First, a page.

The New York Times Magazine returned to over-the-hill theories about sugar this weekend, but when it came to the risks of inactivity, it got things right
One of a group of "couch potatoes" attempting to set a new Guinness World Record for continuous television viewing by watching TV for more than 86 hours. Fred Prouser/Reuters
In these perilous times, one question that suddenly seems to have more resonance than most is posed by The New York Times Magazine this weekend: Is sugar toxic? The roughly 6,000 words addressing this quandary tempt readers with old data and even older theories only to reluctantly conclude that while eating sugar in the quantities we often do is not particularly good for us, neither is it suicidal. Put simply: Sugar is not toxic.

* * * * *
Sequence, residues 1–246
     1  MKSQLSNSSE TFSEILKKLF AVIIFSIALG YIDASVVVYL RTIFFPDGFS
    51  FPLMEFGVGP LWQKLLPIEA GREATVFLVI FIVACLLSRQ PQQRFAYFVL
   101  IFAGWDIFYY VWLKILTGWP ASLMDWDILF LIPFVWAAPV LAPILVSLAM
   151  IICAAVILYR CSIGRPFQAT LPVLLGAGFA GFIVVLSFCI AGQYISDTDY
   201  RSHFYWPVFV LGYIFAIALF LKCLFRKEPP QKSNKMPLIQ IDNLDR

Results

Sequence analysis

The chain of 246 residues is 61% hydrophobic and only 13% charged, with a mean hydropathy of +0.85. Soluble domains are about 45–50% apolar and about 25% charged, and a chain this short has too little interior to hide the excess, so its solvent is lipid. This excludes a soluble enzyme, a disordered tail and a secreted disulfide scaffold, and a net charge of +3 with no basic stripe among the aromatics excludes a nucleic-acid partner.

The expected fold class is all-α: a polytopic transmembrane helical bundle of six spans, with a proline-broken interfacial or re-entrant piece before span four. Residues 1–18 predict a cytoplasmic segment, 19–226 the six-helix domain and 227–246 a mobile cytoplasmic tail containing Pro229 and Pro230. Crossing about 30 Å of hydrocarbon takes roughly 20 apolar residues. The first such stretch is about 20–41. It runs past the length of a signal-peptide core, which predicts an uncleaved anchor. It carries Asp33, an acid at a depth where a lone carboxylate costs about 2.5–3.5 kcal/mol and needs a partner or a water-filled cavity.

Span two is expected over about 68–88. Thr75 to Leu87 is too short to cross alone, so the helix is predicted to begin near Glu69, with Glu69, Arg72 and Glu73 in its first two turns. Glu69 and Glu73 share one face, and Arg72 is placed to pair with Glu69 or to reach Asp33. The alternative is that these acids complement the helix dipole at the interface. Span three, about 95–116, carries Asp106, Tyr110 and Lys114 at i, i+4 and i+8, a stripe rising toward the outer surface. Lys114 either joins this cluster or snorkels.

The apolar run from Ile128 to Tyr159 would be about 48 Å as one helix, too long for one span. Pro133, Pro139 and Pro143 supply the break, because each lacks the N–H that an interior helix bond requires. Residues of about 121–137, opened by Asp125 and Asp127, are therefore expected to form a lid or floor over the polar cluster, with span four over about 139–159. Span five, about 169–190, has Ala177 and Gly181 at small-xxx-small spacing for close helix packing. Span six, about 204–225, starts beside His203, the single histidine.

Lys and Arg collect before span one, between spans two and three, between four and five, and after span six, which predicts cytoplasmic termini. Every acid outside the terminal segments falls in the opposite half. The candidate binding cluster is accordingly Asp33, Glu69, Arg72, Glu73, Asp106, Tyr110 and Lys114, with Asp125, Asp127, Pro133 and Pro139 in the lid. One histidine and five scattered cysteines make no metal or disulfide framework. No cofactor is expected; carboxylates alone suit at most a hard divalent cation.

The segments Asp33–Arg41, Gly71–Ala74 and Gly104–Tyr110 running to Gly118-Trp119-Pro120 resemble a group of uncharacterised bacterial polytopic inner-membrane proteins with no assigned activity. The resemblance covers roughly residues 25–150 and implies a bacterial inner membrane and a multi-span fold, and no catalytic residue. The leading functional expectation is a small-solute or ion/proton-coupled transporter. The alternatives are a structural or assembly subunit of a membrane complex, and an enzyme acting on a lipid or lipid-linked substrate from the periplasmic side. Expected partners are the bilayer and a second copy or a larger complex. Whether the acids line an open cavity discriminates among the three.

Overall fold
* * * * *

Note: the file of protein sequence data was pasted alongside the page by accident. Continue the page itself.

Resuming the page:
Having years ago written a book on obesity, I found this not the least surprising. Nor did physician Rudolph Leibel, a professor of diabetes research at Columbia University who has worked on the obesity problem and metabolic disease for over 25 years. When I spoke with him about the Times piece, he said: "People like to make special arguments about individual foods having specific impacts, but it's not the source of calories that is the primary problem. It's the number of calories that is the problem. Whether you eat too much sugar or too much fat or too much anything, you can become obese. People don't like to hear that, but it happens to be the truth."